Princess Louise, born in 1848, was the sixth child and fourth daughter of Queen Victoria and Prince Albert. Following a particularly agonising birth, Queen Victoria had already developed a dislike for her ‘difficult’ daughter… and the feeling grew to be fairly mutual. However, with dignity and grace Princess Louise managed to develop into the bohemian princess with a mind of her own: she was a talented sculptor and artist, a passionate woman who loved to travel all over the world, and who was fiercely devoted to supporting the emancipation of women in society.

Scandal was never too far from Princess Louise. And Lucinda Hawksley’s excellent and gripping new biography of the princess (The Mystery of Princess Louise) suggests that Louise gave birth to an illegitimate son as a teenager, and he was promptly adopted by a family known to the royals. It also suggests Princess Louise’s loveless marriage to the Marquess of Lorne was doomed to fail from the off, not least due to his homosexuality - which grew so frustrating for her that she had the windows of Kensington Palace bricked up to keep him from creeping off for assignations. Add in the confusing details surrounding the untimely death of Princess Louise’s long-term lover Joseph Boehm, and in The Mystery of Princess Louise you have a deeply exciting book – far more engaging than any novel I’ve read recently.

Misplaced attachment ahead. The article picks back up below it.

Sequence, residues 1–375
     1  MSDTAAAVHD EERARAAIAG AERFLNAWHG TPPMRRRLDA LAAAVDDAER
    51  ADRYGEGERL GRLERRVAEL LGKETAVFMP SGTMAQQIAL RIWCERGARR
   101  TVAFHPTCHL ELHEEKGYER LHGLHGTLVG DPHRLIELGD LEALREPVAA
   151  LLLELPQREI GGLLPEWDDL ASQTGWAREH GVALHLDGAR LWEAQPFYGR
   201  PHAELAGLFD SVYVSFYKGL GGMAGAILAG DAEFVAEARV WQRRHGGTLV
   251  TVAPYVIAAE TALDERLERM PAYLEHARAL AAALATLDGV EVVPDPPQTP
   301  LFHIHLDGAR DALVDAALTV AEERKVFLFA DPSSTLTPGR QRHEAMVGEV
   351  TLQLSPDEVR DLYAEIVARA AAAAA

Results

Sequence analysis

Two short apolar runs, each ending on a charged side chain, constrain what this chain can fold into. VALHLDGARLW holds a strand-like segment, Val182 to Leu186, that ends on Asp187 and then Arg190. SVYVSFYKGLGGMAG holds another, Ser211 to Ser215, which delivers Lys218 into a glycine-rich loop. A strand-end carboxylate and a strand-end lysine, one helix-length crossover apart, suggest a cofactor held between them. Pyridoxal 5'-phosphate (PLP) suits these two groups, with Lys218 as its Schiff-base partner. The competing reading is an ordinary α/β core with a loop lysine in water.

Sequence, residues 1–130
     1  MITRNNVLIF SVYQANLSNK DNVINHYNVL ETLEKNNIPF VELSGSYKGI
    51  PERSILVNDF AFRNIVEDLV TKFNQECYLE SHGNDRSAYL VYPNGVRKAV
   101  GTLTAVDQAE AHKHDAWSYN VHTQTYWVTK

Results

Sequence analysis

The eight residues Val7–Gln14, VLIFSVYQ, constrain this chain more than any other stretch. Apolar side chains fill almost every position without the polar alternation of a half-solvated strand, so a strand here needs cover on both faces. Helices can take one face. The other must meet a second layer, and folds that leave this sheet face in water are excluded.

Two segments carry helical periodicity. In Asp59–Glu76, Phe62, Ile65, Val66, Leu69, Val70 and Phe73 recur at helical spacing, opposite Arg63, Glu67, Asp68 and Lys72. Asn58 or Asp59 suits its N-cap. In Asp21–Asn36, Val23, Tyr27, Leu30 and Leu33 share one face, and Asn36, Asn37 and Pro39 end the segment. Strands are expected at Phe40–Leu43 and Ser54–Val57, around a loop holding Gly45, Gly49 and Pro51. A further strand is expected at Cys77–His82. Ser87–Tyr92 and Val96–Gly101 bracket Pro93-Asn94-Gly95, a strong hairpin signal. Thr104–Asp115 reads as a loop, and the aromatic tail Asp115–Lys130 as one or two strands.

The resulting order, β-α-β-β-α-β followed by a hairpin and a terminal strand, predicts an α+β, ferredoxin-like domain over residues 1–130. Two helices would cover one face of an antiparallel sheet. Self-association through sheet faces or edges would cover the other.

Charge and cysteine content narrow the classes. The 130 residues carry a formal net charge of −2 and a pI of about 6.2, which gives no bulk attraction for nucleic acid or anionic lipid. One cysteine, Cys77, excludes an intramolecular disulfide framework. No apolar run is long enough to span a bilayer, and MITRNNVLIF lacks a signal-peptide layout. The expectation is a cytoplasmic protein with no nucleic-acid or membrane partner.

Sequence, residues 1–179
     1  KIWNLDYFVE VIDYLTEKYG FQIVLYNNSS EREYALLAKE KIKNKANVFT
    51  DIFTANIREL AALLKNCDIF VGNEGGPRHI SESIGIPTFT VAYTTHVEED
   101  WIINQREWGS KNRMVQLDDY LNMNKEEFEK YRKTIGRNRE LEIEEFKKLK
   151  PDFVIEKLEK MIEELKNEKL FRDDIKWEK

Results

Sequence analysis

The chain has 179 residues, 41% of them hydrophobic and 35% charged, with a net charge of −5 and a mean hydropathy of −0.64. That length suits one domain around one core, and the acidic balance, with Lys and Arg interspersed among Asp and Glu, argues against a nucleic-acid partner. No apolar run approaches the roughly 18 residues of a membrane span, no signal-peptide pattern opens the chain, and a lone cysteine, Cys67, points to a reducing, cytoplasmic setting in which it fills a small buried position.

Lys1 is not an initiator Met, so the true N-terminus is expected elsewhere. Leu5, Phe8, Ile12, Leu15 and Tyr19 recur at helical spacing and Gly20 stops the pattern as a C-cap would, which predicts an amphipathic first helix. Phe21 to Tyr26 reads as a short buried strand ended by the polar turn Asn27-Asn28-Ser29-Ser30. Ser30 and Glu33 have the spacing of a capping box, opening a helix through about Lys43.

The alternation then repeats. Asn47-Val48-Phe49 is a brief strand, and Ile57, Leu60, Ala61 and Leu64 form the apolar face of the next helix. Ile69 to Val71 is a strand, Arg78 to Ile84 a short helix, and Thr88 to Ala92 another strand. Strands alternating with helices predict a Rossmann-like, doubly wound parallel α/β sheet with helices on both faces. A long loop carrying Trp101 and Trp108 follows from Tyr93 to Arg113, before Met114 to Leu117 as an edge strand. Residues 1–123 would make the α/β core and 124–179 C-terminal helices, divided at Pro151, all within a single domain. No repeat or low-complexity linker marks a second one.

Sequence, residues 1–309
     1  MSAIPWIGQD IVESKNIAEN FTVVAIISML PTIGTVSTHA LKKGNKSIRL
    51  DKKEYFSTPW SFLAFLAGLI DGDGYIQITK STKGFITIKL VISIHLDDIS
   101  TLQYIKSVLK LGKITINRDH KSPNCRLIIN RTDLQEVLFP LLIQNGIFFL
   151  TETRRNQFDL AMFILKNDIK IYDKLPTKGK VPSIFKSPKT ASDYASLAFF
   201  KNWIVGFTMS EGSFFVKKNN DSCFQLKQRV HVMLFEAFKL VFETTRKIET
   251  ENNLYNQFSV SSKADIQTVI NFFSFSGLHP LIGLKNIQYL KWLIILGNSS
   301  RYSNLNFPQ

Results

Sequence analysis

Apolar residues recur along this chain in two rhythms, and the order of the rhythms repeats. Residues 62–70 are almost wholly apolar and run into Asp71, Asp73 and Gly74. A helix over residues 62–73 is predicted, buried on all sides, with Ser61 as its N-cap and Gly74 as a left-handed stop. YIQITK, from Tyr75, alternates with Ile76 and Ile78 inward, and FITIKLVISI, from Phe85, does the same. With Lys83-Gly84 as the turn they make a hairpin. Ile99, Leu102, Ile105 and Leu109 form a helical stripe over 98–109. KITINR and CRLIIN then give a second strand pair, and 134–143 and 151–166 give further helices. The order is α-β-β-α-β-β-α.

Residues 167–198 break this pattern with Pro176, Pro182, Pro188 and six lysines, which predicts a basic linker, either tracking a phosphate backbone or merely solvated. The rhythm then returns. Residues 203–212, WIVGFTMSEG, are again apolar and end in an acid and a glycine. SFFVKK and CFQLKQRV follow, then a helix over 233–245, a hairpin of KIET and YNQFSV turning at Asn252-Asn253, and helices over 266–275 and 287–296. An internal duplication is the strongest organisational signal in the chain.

Lucinda leaves no stone unturned in her quest to find out every last scrap of information about the bohemian princess, rigorously travelling from England to Scotland to Canada and beyond to search archives and interview anyone who might shed some light on Queen Victoria’s rebellious daughter. But in most instances Lucinda is met with closed doors… as she discovered the royal team had locked down every last shred of information in all the archives relating to Princess Louise and everybody who knew her. It’s testament to Lucinda’s research skills that she has still produced such a richly detailed and informative biography, despite the inevitable frustrations. What were the royal family so desperate to hide about this princess, who died in 1939 and is sadly barely remembered by most people today?

This secrecy makes it easy to believe Lucinda’s thoughtfully posed assertions about Louise’s big secrets… as well as to see past the myth that Queen Victoria was a respected monarch. Looking back on a time we don’t have any memory of, it’s easy to believe the picture painted for us that Queen Victoria was adored by her citizens, but The Mystery of Princess Louise proves that was far from the case. Princess Louise comes across as a figure as adored by the public as Princess Diana was more recently.